But now, says Doug Weiss, business development and brand support manager for Kodak’s flexible packaging solutions, some brands have come to like flexo so much they treat it as a competitive edge to be kept secret. Printers, likewise, sometimes switch jobs to flexo from other methods without informing their process-agnostic customers, letting them enjoy the best of both worlds in terms of quality and price.
Anderson says flexo’s acceptance has increased most rapidly in flexible packaging and labels. It is also growing in folding cartons and corrugated containers. In the latter application, says Anderson, as an alternative to offset-printed, laminated top sheets, direct-to-surface printing with high-quality flexo is helping corrugated boxes get attention as attractive vehicles for marketing.
Occurring in parallel with technical advances in flexo has been the evolution of best practices for printing with it. These have been codified in FIRST (Flexographic Image Reproduction Specifications & Tolerances), a document originally published by the Flexographic Technical Association (FTA) in 1997 and currently in its sixth major revision.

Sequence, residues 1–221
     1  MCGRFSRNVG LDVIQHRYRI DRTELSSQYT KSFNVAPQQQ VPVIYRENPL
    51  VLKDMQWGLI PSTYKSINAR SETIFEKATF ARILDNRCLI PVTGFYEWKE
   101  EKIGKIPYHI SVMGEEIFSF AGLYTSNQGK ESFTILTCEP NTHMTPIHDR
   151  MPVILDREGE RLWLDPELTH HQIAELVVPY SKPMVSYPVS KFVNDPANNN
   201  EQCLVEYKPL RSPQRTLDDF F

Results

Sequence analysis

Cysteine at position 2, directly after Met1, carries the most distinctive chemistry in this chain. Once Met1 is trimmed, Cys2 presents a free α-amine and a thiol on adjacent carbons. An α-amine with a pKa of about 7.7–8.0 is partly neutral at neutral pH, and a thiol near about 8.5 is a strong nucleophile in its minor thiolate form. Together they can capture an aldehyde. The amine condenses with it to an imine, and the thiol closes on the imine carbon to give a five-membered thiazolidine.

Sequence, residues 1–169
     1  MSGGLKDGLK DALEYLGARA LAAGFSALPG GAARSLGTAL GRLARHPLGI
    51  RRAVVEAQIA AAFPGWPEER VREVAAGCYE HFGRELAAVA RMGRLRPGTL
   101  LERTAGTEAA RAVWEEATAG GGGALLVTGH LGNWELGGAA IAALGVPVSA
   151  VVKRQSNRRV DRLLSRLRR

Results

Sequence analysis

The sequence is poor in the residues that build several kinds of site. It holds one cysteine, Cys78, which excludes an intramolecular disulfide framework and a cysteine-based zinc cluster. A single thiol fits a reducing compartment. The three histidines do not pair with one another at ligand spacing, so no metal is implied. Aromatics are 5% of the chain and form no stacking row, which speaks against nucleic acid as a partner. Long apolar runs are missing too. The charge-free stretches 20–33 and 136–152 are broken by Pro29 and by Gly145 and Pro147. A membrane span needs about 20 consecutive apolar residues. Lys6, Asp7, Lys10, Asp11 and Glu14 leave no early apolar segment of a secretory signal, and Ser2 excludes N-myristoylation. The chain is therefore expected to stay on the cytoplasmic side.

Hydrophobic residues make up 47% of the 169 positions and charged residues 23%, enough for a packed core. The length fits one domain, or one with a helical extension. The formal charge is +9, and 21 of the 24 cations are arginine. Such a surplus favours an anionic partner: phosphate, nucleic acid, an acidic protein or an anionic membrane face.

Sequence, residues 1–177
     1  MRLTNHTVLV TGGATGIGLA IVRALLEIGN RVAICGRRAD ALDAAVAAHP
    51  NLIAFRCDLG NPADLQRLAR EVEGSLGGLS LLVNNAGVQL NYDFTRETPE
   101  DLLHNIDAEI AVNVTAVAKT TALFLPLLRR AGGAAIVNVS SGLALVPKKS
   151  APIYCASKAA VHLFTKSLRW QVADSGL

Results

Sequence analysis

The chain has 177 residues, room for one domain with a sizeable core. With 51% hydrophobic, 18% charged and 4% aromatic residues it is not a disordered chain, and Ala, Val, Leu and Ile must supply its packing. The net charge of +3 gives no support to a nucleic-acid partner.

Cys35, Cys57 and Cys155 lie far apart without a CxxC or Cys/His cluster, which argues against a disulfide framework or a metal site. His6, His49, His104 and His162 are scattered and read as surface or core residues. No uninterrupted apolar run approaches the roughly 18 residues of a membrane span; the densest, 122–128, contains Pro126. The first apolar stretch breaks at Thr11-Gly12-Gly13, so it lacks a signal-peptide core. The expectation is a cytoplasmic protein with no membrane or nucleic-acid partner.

Before FIRST, says Woolbright, the flexo industry was a “Wild West” of process variables and haphazard means of dealing with them. As the web offset market had done earlier in conceiving the SWOP and SNAP specifications, members of the flexographic packaging supply chain realized the time had come for flexo to establish quality targets and techniques of its own.
The outcome was FIRST: not a body of rules, but a set of procedures and guidelines aimed at obtaining high-quality and, above all, consistent results from press run to press run. Woolbright describes it as a “common sense” way to get variables under control and keep the process manageable. The specifications change to accommodate new developments in flexo technology, while certifications for plants and individuals uphold FIRST as the industry’s “bible” for top-notch reproduction (see sidebar below).
Tool for Their Trade